PORT OF LOS ANGELES REFUNDS BONDS TO SAVE $16.5 MILLION
OVER NEXT 15 YEARS
SAN PEDRO, Calif. — July 14, 2011 — The Port of Los Angeles has successfully refunded its $101.1 million 2001 Series A and B bonds, generating interest expense savings of approximately $16.5 million, or an average of $1.1 million annually, for the Port over the next 15 years.
“Because of the prudent and careful planning of the Port’s financial team and its advisors, we were able to use the bond refunding process to take advantage of current, historically-low interest rates,” said Harbor Commission President Cindy Miscikowski. “That translated into significant costs savings for the Port.”
Bond refunding is the process by which new bonds are issued at lower interest rates to replace higher interest rate bonds that are currently outstanding. In doing so, the issuer achieves significant cost savings.
Anticipating the arrival of the call date of the bonds, the Port’s financial staff and its advisory team began to explore bond refunding late last year. In May, the Los Angeles Board of Harbor Commissioners approved the Port’s proposal to refund the existing Series 2001 bonds and issue 2011 Series A and B bonds. The Los Angeles City Council and Los Angeles Mayor Villaraigosa approved the measure last month.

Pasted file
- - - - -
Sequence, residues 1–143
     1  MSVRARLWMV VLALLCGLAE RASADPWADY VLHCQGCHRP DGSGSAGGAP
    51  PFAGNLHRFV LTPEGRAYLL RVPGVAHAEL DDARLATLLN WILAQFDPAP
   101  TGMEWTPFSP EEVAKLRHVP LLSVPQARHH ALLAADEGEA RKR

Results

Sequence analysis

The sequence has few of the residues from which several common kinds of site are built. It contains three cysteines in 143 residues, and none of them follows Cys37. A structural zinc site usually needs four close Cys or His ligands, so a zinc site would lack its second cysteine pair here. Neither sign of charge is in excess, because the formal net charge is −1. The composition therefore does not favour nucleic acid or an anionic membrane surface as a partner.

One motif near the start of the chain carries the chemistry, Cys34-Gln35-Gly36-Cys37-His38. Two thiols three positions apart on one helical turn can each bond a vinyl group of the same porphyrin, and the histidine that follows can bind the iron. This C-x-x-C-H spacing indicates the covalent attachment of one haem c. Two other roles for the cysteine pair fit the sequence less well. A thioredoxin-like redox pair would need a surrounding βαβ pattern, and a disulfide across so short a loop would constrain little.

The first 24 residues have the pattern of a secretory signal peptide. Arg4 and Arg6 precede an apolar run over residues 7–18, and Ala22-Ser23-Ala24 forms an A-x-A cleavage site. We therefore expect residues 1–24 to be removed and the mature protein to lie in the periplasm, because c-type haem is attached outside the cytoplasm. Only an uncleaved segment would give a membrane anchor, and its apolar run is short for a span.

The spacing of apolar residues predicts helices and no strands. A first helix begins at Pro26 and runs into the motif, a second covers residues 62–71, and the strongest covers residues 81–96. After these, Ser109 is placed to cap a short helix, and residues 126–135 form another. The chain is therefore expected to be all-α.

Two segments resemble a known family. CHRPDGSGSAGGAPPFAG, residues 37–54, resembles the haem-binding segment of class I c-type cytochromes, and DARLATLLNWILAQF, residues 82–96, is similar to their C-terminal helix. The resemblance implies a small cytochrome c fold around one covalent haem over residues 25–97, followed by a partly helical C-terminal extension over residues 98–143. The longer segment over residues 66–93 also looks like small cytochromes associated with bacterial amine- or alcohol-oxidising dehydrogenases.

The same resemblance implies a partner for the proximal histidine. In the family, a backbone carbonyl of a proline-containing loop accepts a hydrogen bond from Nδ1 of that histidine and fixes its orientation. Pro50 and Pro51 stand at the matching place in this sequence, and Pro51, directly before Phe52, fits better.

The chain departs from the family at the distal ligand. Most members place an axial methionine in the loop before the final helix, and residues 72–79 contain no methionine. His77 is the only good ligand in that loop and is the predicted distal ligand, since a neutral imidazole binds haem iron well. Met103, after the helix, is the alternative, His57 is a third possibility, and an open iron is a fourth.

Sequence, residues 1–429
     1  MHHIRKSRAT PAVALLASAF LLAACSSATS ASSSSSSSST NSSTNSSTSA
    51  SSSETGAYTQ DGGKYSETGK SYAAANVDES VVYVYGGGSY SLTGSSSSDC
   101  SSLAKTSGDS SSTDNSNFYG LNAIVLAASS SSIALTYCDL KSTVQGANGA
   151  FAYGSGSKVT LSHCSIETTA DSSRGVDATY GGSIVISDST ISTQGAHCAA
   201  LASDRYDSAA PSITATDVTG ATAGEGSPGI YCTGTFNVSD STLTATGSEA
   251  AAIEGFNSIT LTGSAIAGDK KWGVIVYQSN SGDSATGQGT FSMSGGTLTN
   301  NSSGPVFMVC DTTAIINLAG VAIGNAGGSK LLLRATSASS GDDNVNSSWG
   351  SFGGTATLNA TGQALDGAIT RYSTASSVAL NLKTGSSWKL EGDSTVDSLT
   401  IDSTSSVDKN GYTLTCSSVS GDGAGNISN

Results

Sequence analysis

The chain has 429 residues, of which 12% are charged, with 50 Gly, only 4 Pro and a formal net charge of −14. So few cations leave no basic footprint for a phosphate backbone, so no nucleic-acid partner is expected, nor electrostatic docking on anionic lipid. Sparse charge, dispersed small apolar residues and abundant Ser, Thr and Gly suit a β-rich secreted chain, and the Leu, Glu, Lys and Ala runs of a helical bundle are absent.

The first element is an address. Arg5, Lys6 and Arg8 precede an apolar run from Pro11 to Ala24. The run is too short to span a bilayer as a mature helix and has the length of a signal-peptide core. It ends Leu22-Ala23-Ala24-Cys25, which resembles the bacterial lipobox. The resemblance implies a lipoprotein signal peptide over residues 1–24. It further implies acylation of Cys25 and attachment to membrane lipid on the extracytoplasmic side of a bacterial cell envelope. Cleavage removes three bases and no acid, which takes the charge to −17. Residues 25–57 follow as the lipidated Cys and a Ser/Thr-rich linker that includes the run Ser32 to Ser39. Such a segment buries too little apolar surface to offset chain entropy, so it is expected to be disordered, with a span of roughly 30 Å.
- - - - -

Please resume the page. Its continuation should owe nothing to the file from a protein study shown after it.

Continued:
The Port of Los Angeles, which maintains an “AA” bond rating – the highest of any U.S. port without taxing authority, issues bonds to finance capital improvements. The bonds refunded this month were initially issued by the Port in 1995, in part to pay for capital improvements at Piers 300 and 400. These bonds were refunded in 2001 with a 10-year “call” option.
The $101.1 million in refunded bonds, which have a final maturity in 2026, represents approximately 11 percent of the Port’s total $880 million in bonded debt. Under the Port’s debt policy, the Port can refund its bonded debt if a savings of 3 percent or more can be realized. The savings from the July bond transaction far exceeded that threshold.
The Port of Los Angeles is America’s premier port and has a strong commitment to developing innovative strategic and sustainable operations that benefit the economy as well as the quality of life for the region and the nation it serves. As the leading seaport in North America in terms of shipping container volume and cargo value, the Port generates more than 830,000 regional jobs and $35 billion in annual wages and tax revenues. A proprietary department of the City of Los Angeles, the Port is self-supporting and does not receive taxpayer dollars.
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